The equipment needed for performing an Edman degradation reaction costs $20,000 and each analysis lasts 15 minutes and requires about 10 mg of protein in 0.1 M ammonium bicarbonate buffer (pH 8). This means that one analysis costs about $0.30 and for 30,000 proteins the total cost would be around $9,000.
Protein Sequencing Methods
There are many other protein sequencing methods than Edman degradation such as: Sanger method, MS/MS, liquid chromatography and HPLC. Furthermore, there are some newer methods which include: ion trap MS, matrix-assisted laser desorption/ionization (MALDI) and nano LC.
Detection of products
After the Edman degradation reaction, the peptide is often detected with a UV detector or an evaporative light detector (ELD). There are also other detectors that can be used such as: fluorimeters, spectrophotometers, and charged aerosol detectors. This enzyme assay has also been used to determine the secondary structure of proteins through fluorescence measurements with an antibody probe.
Disadvantages of Edman Degradation
The major problem with Edman degradation is that it can fail. It totally depends on the purity of the protein which might be contaminated by other proteins, nucleic acids or sugars from different organisms.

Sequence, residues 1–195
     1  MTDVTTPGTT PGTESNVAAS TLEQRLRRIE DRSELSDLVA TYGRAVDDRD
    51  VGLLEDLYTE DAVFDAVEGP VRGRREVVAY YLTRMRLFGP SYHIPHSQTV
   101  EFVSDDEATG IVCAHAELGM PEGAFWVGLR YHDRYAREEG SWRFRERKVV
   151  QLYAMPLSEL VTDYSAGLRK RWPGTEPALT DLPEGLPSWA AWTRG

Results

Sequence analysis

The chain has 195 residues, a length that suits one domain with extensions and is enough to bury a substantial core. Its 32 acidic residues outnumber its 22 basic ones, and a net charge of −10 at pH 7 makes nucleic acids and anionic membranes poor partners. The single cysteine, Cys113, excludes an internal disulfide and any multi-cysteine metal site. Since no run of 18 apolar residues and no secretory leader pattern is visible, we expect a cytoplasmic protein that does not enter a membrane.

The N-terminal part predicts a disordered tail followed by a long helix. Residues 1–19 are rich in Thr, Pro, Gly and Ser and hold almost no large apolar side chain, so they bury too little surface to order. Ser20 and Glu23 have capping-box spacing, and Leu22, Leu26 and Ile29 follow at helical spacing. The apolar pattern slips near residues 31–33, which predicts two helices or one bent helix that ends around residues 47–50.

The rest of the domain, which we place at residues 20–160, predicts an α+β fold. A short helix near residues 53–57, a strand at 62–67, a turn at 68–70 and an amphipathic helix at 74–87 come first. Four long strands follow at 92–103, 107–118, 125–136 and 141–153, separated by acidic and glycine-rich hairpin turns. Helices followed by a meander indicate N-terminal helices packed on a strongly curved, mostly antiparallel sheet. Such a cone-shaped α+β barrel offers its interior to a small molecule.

Another disadvantage is some proteins cannot be analyzed using the Edman degradation because they have modified amino acids or modifications on their side chains which can interfere with the reaction. Also, proteins with charged residues at their C-terminus will not give good results during sequencing.
Future Applications of Edman Degradation
The method is still widely used, but there are new methods which require less labor and time to sequence samples. They are based on mass spectrometry. Other future applications of Edman degradation include sequencing proteins that have longer peptides or sequencing proteins.
Edman degradation is a quick method which can be used to determine the amino acid sequence of an unknown protein. The reagents are cheap and there are no hazardous chemicals required in this procedure. Edman degradation use has many benefits including that it tests the purity of proteins, it gives quick results, has low detection limits and it can be used with mass spectrometry which gives accurate results. However, it fails with hydrophobic or charged amino acid residues at the C-termini of proteins, also some proteins cannot be analyzed using this method because they have modified amino acids.